The Purge: Anarchy (2014)
"If at first you don't succeed, try, try again." That sounds like the philosophy of James DeMonaco, the writer and director of The Purge, last year's terrible but financially successful horror film with a dystopian twist, and it seems to have paid off. Despite a beefed-up budget (most of the first film's problems stemmed from not having the money to capitalize on its ideas) and promising-looking trailers, I was fully prepared to walk out of this film feeling like a fool for having been tricked twice by the same movie, remembering how intriguing the ads for the first film looked as well and how that movie wasn't half as good as its trailers made it look. Fortunately for me, while this film has its own share of issues that keep it from greatness, it blows the original out of the water, for the most part fulfilling the promise of its premise while delivering a solid action/horror film that kept me on the edge of my seat most of the way through.
While it's being marketed as a horror film like the original, in spirit The Purge: Anarchy has a lot more in common with the dystopian, satirical action flicks of the '80s, like The Running Man, Escape from New York, and RoboCop. We get a much closer look at the titular Purge and how it operates, closing some of the plot holes of the first film (explosives aren't allowed, banks move their cash to secure locations beforehand), fleshing out the world and how it reacts to the event, and painting a more malicious portrait of the New Founding Fathers, the authoritarian rulers of the United States. While it was implied in the first film that the Purge was less about allowing people to "release the beast" and more about killing the poor, here that theme is put front and center, complete with a resistance group fighting back against the Purge led by a radical figure named Carmelo. When it came to world-building, I was hooked, my only problem being that there often wasn't enough of it, the plot not doing enough to capitalize on the themes running through the film. It was only in the third act where the film really took off, between the "auction" and the reaction of one character to another's death, and before then the attempts at social commentary only worked occasionally.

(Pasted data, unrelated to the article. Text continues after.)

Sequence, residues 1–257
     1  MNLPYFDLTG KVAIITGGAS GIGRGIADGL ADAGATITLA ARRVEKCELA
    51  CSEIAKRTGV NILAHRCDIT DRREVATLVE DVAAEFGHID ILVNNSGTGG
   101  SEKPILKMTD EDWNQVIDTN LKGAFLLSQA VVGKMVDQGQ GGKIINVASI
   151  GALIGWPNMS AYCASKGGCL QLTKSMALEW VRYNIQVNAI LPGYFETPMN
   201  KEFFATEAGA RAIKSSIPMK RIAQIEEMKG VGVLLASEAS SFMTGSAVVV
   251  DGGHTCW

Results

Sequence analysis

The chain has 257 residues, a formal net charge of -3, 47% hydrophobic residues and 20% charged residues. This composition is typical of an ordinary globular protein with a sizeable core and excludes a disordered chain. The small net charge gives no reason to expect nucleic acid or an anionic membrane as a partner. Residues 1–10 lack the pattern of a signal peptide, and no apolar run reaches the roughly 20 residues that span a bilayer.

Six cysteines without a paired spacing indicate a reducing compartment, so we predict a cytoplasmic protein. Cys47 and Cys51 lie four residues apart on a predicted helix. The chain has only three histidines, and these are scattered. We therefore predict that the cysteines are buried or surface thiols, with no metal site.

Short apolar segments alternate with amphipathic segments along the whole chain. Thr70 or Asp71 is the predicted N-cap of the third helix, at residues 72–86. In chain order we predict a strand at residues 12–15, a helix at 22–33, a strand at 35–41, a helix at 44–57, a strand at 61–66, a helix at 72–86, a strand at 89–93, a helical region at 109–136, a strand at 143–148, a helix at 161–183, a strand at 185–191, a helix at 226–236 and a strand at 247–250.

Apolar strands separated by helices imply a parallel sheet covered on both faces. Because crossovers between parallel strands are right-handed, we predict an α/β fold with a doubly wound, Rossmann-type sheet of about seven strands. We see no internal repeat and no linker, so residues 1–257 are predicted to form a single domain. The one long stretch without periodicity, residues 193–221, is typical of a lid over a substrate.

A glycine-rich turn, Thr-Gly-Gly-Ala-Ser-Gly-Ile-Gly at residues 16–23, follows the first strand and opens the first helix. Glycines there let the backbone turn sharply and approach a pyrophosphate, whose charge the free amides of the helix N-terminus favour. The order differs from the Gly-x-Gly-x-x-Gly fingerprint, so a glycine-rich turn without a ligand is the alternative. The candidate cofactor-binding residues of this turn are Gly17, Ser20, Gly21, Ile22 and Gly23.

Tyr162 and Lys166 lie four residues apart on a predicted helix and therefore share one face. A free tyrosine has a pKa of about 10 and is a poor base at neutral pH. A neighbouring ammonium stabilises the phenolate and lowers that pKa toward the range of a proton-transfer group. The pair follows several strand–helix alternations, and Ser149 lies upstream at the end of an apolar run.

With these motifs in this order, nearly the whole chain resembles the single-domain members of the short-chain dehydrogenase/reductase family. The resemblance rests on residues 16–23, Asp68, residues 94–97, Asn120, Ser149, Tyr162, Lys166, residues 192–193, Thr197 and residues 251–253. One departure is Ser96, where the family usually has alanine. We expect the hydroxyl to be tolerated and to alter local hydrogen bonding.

Much of this has to do with the characters, who are, collectively, the film's greatest failing. While the original was about a single family surviving the Purge, here we get three separate stories: there's Leo, a police sergeant who seeks to use the Purge to get revenge on the man who drunkenly ran over and killed his son, Shane and Liz, a young couple who are stranded outside when their car breaks down on the way home (after being tampered with by some thugs targeting them in advance), and Eva and Cali, a mother and daughter who are forced out onto the streets after their apartment is raided early into the Purge. The five of them meet and band together for survival against the roving gangs and psychos running around Los Angeles. The first problem with these characters is that none of the actors give very good performances. Frank Grillo as Leo and Zoe Soul as Cali were probably the best (or at least, the most tolerable) out of the five, though that's damning them with faint praise, especially with the rest of the main cast coming off as dull and uninterested. They were often in situations where they were supposed to be scared, and they were spouting dialogue to that effect, yet to see and hear it in their performances one would guess that they were at Halloween Horror Nights rather than being seriously chased by murderous psychopaths. There's nobody here who's as good as Ethan Hawke and Lena Headey were in the first film, perhaps the only area where the original has an edge on the sequel.